The Shugborough Inscription is an enigmatic series of
letters carved on the Shepherd's Monument at
Shugborough Hall in Staffordshire, England. The precise
meaning of these letters
The Shepherd's Monument includes a relief based on
French painter Nicholas Poussin's Et In Arcadia Ego.
Here is the inscription in question which is situated below
the relief. You can see here, between the letters D and M,
I believe I've solved the mystery. I was an Arabic linguist at
the Top Secret National Security Agency for four years after
9/11, and I was trained there in cryptological methods. But
my solution to this puzzle draws primarily on things I have
learned while teaching Latin in a public high school for the
last nine years.
First off, the D and M are very likely the ancient Roman
abbreviation of Dis Manibus (for the Manes), found very
widely on tomb inscriptions. The Manes were understood
as ancestral spirits of the underworld. The abbreviation DM
is even found on very early Christian tomb inscriptions,
such as this 3rd century C.E. example from Rome:
And this is a clue to the correct interpretation of the longer
series of letters between D and M on the Shugborough
Inscription. The inscription was intended to be understood
as a tomb memorial composed in Latin.
The beginning of the inscription (O·U· ) matches a 2nd
century C.E tombstone of a Roman matron from North
Oro ut bene quiescat
I pray that she may rest well
(See p. 152, Roman Africa, by Alexander Graham [London:
The convention of making a distinction between the letters
U and V arose in the late Middle Ages, so the Shugborough
Inscription would certainly abbreviate UT as U· and not V·
as we see in the inscription above.
I was then struck by the presence of three V's near the end
of the inscription. As someone trained in cryptography, I
assume that anytime you have a letter that occurs more
often than other letters, you are looking at an important
clue. So the question we ask, is there a place somewhere in
Latin literature where three V's occur prominently? If so,
this inscription may be somehow quoting such a passage.
One such item that comes immediately to mind is Julius
Caesar's famous quote, Veni, Vidi, Vici (I came, I saw, I
conquered). But since my interpretation of OU as Oro Ut
(I pray that) was already on very firm ground, I could not
see any reasonable interpretation that allowed me to
incorporate Caesar's quote here.
But then I recalled Jesus' statement in John 14:6, "I am the
Way, the Truth, and the Life," which in St. Jerome's
Vulgate translation is rendered:
Ego sum Via et Veritas et Vita.
And so, I interpret the inscription and translate it as
Oro Ut Omnes Sequantur Viam Ad Veram Vitam.
I pray that all may follow the Way to True Life.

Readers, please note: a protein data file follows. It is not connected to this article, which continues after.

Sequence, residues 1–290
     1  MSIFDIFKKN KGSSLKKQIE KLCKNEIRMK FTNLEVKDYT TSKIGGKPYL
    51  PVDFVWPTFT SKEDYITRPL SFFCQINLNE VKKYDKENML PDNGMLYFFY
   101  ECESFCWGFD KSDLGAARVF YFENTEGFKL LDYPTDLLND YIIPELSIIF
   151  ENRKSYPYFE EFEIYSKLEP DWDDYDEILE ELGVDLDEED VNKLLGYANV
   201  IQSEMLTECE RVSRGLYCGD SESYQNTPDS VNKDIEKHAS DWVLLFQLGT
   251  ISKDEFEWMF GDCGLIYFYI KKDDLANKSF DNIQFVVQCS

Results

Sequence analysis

I've already demonstrated that the Oro Ut portion of my
interpretation is attested. Other parts of my interpretation
are equally found in literature we may assume would be
available to the creator of the inscription.
The phrase "veram vitam" is attested in the Vulgate New
ut apprehendant veram vitam.
...that they may take hold of True Life.
(1 Tim 6:19)
And notice the following in a biblical commentary on John
14:6 contemporary with making of the Shugborough
...viam qua itur ad veram vitam.
...the Way by which it is gone to True Life.
(p. 217, Annotationes in sanctum Jesu Christi evangelium
secundum Johannem, by Dominicus Snellaert [Antwerp:
And note finally that the phrase "ut omnes sequantur"
is attested elsewhere as well, such as in the writings of
Bishop Ussher, which predates the Shugborough
...ut omnes sequantur vocantem.
...that all may follow the one calling.
(P. 19, The Whole Works, Vol. 4, by James Ussher [Dublin:
I cite Bishop Ussher not from the assertion that the
Shugborough Inscription is directly quoting that passage,
but simply as proof that this phrase is fully grammatical
and attested in literature. Theoretically, one could argue
that the Shugborough Inscription is directly quoting the
Ussher passage above and therefore the first V could be
interpreted as Vocantem. In that case, the translation of
the series of letters would be rendered. "I pray that all may
follow the one calling to True Life." I find it more likely that
the passage is alluding to John 14:6, hence my
interpretation of the letters as viam ad veram vitam.
I believe my proposal provides a sensible and credible
interpretation of this long-standing mystery. My
interpretation produces a straightforward and grammatical
sentence, all parts of which are attested in tomb
inscriptions and in texts predating or contemporary with
the creation of the Shugborough Inscription.
Explore Decipherments of Other
Ancient and Modern Mysteries
by Keith Massey, PhD